I think I agree with you on Marxism but actually I suspect neither of us is really familiar with it enough to talk. A lot of weird stuff has been branded as Marxist and self-advertised as Marxism; I don’t think even the Soviet Union was implementing Marxism, or even Communism, with their stupid economic system that produced visibly poor results.

    What anyone or anything (e.g. the government) “should” do is always up for discussion. Why do you just assume that I think neither position shouldn’t see the light of day? Is that founded on an ideologically-based belief on what “liberals” do, and your own identification of me as a liberal?

    I do prefer that if you’re going to say what someone or something (e.g. the government) “should” do, it would be nice if you backed it up with a factual argument that didn’t ultimately rest on either 1. a dictionary definition, 2. a Biblical reference, or 3. an ideological position. The reason I switched from being a conservative was seeing their arguments bounce around and around in circles from general ideological principle to general ideological principle until it ultimately rested on one of those three things as a foundation.

    If you think health care and welfare are not “part of the proper function of government”, then why not”? I think “government” is any entity set up by the public to handle public affairs that no private entity has the prerogative, the resources, or the ruling authority to handle. I don’t know what you mean when you say “the proper function is not health care and welfare”. People just rest their arguments on stuff like that, without explaining why these things are true.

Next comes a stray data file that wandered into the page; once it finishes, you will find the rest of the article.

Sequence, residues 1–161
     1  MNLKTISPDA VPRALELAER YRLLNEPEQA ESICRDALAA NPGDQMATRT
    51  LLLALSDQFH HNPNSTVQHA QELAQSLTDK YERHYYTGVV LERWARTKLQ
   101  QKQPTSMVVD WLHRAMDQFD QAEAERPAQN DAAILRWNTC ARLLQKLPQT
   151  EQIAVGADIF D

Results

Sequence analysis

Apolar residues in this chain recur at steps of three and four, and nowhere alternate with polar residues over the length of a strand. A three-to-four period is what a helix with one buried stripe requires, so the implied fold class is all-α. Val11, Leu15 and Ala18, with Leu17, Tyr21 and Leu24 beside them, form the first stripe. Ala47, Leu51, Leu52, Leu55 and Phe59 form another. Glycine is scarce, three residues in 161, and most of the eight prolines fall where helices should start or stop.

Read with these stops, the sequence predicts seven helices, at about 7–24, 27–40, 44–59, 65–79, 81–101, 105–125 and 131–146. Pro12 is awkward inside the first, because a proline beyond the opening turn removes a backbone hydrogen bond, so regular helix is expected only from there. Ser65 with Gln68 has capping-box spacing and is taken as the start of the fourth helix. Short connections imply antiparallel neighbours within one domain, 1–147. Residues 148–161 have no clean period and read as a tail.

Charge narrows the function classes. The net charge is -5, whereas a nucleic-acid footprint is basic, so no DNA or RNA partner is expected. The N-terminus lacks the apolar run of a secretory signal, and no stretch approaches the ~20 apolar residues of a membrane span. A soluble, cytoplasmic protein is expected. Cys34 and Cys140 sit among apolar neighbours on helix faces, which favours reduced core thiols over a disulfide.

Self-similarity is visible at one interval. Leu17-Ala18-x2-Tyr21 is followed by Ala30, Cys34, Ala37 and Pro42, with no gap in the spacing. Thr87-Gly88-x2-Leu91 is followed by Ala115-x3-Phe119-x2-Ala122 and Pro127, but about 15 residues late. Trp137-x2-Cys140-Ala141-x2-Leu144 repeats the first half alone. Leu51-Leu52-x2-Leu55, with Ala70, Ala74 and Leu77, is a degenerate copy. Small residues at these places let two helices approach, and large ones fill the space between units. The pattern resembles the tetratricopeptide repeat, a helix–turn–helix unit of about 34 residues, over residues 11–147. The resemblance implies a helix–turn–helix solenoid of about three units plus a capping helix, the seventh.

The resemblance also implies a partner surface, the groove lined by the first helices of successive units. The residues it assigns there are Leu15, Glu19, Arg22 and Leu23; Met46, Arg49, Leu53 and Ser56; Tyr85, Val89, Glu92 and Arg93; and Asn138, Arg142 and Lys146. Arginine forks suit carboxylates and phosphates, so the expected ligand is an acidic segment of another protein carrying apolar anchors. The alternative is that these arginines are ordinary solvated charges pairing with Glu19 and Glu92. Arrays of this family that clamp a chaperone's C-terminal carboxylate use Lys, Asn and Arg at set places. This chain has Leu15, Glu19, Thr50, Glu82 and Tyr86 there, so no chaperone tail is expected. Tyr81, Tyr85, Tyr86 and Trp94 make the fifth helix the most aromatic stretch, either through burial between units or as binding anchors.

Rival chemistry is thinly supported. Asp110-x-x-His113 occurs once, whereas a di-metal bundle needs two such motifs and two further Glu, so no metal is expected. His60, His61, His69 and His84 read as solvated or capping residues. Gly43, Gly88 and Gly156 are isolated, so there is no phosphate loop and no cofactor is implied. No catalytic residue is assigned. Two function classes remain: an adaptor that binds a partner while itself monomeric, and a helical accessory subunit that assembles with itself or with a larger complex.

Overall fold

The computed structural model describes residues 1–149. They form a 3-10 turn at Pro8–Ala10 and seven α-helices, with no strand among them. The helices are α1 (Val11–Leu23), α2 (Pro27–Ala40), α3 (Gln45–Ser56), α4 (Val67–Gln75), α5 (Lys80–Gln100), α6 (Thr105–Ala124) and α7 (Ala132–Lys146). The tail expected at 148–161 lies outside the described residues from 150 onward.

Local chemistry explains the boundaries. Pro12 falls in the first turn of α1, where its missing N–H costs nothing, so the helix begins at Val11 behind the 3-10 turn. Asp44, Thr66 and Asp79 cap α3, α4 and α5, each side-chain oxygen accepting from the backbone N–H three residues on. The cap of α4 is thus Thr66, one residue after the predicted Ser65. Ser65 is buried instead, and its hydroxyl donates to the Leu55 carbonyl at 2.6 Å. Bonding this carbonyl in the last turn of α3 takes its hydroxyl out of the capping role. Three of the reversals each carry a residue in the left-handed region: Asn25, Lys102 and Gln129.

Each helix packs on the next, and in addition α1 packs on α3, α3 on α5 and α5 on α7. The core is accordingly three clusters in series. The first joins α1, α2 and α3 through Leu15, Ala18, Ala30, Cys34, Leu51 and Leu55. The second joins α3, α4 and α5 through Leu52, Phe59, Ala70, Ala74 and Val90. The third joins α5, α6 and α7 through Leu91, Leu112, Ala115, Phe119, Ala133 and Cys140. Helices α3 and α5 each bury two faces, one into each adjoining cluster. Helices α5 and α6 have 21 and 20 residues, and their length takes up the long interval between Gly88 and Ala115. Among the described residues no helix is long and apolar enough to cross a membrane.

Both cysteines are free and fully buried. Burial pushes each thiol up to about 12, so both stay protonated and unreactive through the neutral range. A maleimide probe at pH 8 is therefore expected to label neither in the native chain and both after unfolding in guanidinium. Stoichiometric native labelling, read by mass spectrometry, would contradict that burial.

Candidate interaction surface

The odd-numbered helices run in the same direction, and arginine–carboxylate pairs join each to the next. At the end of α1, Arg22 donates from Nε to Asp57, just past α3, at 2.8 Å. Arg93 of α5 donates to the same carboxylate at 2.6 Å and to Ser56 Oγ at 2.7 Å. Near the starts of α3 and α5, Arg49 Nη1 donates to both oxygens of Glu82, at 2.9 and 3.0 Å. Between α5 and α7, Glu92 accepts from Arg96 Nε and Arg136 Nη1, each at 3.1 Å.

As for “Death Panels”, that was a factual lie from Sarah Palin. That’s an example of something that shouldn’t have seen the light of day and splayed all over the news- it was just more of her bullshit. It seems anything she makes up gets balloon-boy-intensity coverage, and she’s one of the most dishonest people in public life.

  5. maverratick:

    I think Marxism is bullshit, pure and simple and don’t think any of it should be discussed.

    I also think government has a very limited function, health care and welfare not being part of the proper function.

    I believe you would disagree with these ideas. So who gets to decide which ideas don’t see the light of day?

    How do you know an idea is bad if you cannot openly discuss and analyze it? Or how do you know if there might not be some sort of compromise between 2 opposing ideas if you dismiss one of them?

    What is mandatory nonsense in the name of balance? You want just one side of the issue talked about? I think it would be great if I got to posit my views without having to defend them.